April 21, 2012
By Jon Cooper
It’s not easy to put junior outside linebacker Jeremiah Attaochu’s game into words.
Former Georgia Tech star defensive Eric Henderson got it pretty close in his interview with Voice of the Yellow Jackets, Wes Durham, at Friday night’s T-Day Game.
“That’s all I’m watching out there,” said Henderson when asked by Durham about the defense. “I love it. They’re flying around out there.”
That description of the unit very much fits Attaochu, who sometimes seems like he’s the only player out there and is always flying around.
He describes himself and every thing he does as fast. Real fast.
“It’s hard for me to slow down. Every time I get in the zone I just want to keep going,” said Attaochu. “That’s how you’re supposed to play. When you’re playing and you’re calm and not thinking fast, that’s when I don’t play as well. So I’m always thinking fast and just going all out.”
That need for speed helps explain his meteoric rise. The 6-3, 235-pound linebacker was born in Nigeria, but grew up in Washington, D.C., where he was introduced to American football in ninth grade. He’d star at Archbishop Carroll High School then was recruited by Georgia Tech. It didn’t take long for Attaochu to start turning heads on the Flats, as he played in 12 games and started in the Independence Bowl as a true freshmanl, then started 10 of 11 games in which he appeared in 2011.
His all-out approach produced a team-leading 11 tackles for loss (four more than the nearest Yellow Jacket, Julian Burnett), 6.0 sacks (three more than second-place Brandon Watts), and two fumbles forced (he also recovered one) last season. Attaochu’s 59 tackles (35 solo) ranked him third on the team. He was as consistent as he was active around the ball-carrier, as he matched his single-game-high of five stops, on three different occasions (vs. North Carolina, at Miami and vs. Virginia Tech).
He was coming all-out Friday night, when he made five tackles for the Gold team, including sacks of quarterback Tevin Washington on back-to-back plays, which short-circuited a second-quarter White possession.
“I didn’t want to hurt any of our quarterbacks, but I was coming,” he said, with a laugh. “I didn’t really hold up that much I don’t think.”
Attaochu likes what he saw from Tech’s deep linebacker corps this spring — especially middle linebacker Quayshawn Nealy and outside linebacker Jabari Hunt-Days — who play a lot like he does and a lot like defensive coordinator Al Groh wants them to within the 3-4 set-up.
“I’m definitely seeing it,” he said. “We might have more talent speed-wise. We’re not overly big guys. We’re versatile as far as the linebacking corps is concerned. The outside linebackers can cover, we can rush and the strength is there. Everything is there. We have the skill set to run [Coach Groh’s] defense.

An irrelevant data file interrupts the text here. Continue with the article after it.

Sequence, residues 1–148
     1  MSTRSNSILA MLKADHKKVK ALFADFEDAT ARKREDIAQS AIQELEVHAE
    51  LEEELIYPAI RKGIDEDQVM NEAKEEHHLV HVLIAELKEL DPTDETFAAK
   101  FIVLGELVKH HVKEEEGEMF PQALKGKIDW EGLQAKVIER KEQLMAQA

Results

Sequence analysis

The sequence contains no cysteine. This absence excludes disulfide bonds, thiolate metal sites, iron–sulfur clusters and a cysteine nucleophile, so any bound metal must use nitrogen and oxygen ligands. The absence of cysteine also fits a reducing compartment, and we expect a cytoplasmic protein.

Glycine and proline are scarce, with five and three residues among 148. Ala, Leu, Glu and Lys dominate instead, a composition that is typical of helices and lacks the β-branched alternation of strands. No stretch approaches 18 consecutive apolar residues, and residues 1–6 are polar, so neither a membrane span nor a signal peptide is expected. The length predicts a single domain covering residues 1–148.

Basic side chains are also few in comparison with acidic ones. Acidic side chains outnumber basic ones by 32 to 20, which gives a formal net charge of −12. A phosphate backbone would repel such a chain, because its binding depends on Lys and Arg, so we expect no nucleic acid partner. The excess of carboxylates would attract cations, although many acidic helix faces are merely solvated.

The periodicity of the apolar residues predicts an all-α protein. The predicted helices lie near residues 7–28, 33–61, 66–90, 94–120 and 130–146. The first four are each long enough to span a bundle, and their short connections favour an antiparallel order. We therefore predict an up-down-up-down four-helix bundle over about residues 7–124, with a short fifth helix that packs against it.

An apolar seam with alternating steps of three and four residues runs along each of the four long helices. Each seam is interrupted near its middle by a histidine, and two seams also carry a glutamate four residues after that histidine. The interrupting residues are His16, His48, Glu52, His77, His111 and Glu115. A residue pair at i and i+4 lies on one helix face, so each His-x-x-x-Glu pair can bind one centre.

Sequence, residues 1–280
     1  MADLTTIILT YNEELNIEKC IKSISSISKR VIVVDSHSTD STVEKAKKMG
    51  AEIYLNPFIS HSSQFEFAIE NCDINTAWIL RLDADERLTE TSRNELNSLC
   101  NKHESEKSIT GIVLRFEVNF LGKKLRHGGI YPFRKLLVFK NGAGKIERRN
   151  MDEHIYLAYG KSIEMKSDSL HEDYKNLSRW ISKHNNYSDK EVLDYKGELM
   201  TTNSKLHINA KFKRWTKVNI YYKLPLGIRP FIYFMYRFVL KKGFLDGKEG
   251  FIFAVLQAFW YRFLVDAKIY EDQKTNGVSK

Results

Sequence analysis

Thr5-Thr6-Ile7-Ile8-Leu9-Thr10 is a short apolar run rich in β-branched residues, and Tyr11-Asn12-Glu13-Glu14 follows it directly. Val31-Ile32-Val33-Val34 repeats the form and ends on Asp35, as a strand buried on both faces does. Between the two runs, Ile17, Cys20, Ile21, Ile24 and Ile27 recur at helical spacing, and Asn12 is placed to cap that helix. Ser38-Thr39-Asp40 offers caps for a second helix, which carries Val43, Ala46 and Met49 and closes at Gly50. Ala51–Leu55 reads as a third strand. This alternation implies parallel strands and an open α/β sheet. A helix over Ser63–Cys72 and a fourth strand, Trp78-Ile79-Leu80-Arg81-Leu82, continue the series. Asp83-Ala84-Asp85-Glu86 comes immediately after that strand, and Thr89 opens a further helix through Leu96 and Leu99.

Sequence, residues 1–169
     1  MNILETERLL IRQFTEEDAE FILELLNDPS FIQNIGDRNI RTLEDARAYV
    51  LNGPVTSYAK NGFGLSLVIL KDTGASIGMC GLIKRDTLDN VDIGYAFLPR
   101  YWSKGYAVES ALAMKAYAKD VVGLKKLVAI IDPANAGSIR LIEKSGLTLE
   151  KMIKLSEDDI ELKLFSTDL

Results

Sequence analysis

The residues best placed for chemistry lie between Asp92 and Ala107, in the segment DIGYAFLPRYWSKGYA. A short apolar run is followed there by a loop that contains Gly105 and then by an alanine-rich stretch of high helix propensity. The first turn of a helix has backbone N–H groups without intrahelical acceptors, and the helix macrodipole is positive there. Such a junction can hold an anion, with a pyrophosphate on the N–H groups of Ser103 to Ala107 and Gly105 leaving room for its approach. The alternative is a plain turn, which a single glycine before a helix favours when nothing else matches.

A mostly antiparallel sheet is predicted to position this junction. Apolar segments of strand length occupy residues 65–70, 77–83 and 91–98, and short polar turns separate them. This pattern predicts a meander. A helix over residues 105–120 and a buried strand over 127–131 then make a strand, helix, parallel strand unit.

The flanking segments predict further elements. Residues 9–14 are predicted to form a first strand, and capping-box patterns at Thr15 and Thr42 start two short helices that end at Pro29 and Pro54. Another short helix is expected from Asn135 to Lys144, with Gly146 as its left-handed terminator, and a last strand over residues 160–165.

“The young guys are coming on,” he added. “Tyler Marcordes, he’s a young freshman who redshirted last year. I didn’t really see him coming on, but he’s come out of nowhere and moved up to the second team. Nick Menocal, he’s working hard. Everybody’s working hard. The work ethic is definitely there as far as the younger guys.”
Attaochu will be called upon to be the rock of the unit, as he has the most career starts among the linebackers, although that is only 11 (Nealy is next at seven).
Of course, calling Attaochu’s name has historically been difficult. That goes the way back to high school at Archbishop Carroll when he was being recruited. It led to some fun moments — and pronunciations.
“Definitely, the coaches tried to learn it. They’d call my high school coach,” he recalled.
That didn’t necessarily clear up the issue.
“My high school coach would mess it up, too,” he said, with a laugh. “It takes a while to learn it. “Wes does a good job with it on the radio. One time he called me something crazy, I don’t even remember. I guess he was so excited he forgot how to say it. It’s definitely cool.”
To clear things up, his last name is pronounced “Uh-TAU-chew.”
Nicknames also have run the gamut for him, with some rather obvious, others more cryptic.
“A lot of people in high school called me ‘Choo-Choo’ or ‘Choo-Choo Train,’ ”I Taught You,'” he said. “Then there was one — it was a terrible one — it was like, ‘I Told You Once’ or whatever. It was really slang. My name has been misconstrued as much as possible.”
He’s grown resigned to the mispronunciations of his name, and, while he’d prefer the “Choo-Choo” references go away — he considers it cheesy — he’ll live with whatever nickname comes his way.
Surprisingly, he’s never had or heard of a nickname in the ‘Ouch’ theme — perhaps “Ouch-side Linebacker”– or “Chew” theme — “The Big Chew,” or “Choo-bacca”.
“Bolt-45” might work.
Maybe first-team All-ACC. He would probably like that one.
Feel free to let us know if you have a nickname for Jeremiah Attaochu (Please note: “The Nigerian Nightmare” is taken. That belongs to former NFL fullback Christian Okoye).